Twitter revealed a new tweet-per-second record on Friday and it seems the 143,199 tweets-per-second milestone was triggered by the airing of a Japanese animated film.
The August 2 broadcast of Hayao Miyazaki's "Castle in the Sky," which happens in Japan routinely, led to the latest all-time one-second record. The volume dwarfs Twitter's average load of about 500 million tweets a day and 5,700 tweets a second.
The new rate shatters the last record noted by Twitter: 33,388 tweets-per-second during this past New Year's Day.
This wasn't the first time "Castle in the Sky" blew up Twitter. It also broke the record in December of 2011 when 25,088 tweets-per-second were hitting the Twittersphere.
Kotaku noted that fans were organizing the massive flash-tweet beforehand by posting on bulletin boards and Twitter.
The Wall Street Journal published a related piece on Aug. 1. The article noted that when the periodical airing of films from the Studio Ghibli, the studio that made "Castle in the Sky," coincides with the release of the U.S. jobs data, bad things happen to the stock market.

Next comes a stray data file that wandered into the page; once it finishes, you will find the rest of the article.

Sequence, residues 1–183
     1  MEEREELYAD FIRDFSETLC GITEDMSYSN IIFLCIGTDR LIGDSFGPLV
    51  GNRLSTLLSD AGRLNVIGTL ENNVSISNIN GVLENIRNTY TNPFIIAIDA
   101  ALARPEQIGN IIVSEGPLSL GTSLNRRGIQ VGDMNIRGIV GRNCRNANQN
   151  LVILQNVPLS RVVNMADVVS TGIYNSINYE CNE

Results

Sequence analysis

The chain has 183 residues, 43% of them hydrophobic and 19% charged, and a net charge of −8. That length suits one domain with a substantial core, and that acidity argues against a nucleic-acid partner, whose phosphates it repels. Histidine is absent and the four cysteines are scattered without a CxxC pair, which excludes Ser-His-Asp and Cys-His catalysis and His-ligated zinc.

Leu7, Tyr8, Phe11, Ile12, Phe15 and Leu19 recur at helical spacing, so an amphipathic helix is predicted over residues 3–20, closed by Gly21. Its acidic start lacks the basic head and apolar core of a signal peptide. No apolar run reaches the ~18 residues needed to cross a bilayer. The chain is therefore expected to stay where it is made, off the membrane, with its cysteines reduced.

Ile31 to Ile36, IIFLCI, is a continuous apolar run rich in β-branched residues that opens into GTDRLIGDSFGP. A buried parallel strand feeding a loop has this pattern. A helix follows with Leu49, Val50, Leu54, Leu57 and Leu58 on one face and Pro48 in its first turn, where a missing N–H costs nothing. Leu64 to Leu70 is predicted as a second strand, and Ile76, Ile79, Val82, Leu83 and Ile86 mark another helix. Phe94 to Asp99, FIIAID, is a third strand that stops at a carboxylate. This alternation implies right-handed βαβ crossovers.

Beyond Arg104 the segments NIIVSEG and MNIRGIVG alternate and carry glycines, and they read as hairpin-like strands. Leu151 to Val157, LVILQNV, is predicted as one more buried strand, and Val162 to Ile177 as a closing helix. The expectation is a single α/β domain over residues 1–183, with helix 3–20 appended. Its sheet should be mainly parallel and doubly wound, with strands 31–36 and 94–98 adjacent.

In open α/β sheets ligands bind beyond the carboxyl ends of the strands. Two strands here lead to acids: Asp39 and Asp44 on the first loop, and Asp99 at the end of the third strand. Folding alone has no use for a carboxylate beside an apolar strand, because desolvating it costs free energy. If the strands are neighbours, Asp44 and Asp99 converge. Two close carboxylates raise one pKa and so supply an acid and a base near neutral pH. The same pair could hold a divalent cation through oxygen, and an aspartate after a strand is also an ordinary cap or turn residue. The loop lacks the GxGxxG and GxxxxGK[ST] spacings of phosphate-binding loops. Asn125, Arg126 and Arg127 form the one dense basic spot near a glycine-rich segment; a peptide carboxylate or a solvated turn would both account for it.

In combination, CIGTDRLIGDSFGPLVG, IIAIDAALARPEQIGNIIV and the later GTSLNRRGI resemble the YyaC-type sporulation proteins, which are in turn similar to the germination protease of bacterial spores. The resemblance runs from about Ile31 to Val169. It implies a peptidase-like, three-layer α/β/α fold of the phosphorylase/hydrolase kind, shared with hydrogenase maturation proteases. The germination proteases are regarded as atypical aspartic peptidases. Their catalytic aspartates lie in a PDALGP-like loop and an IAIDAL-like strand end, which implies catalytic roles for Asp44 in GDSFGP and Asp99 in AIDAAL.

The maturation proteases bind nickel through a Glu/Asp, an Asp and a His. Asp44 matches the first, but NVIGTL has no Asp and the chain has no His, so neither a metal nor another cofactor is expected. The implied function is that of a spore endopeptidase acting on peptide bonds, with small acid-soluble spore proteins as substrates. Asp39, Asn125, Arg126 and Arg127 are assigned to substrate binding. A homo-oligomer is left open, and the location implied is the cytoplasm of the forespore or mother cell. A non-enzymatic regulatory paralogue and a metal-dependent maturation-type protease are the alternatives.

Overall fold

It also mentioned that traders expected the Aug. 2 screening to be an especially bad incident:
The Ghibli offering most deadly to markets is thought to be the one coming up on Friday: "Castle in the Sky,'' or "Laputa," as it is known in Japan. In the film, the protagonists send the city's airborne fortress tumbling out of the sky with the magic word, "balus" which roughly translates to "destruction."
So strong is the pull of "Laputa"--even apart from the Ghibli Rule--that during the last airing on Dec. 9, 2011, Twitter logged a then-record-breaking 25,088 tweets per second of fans posting "balus'' at the same time it was spoken during the movie--despite a public plea from the social-networking site to hold off.
So was it just fanatic fans or perhaps the curse of the Ghibli Rule that boosted the number of tweets that fateful day? Either way, Twitter is just happy it didn't have a fail whale moment, despite having to handle 25 times the normal rates of tweets at once.
"During this spike, our users didn't experience a blip on Twitter. That's one of our goals: to make sure Twitter is always available no matter what is happening around the world," according to Twitter's blog post.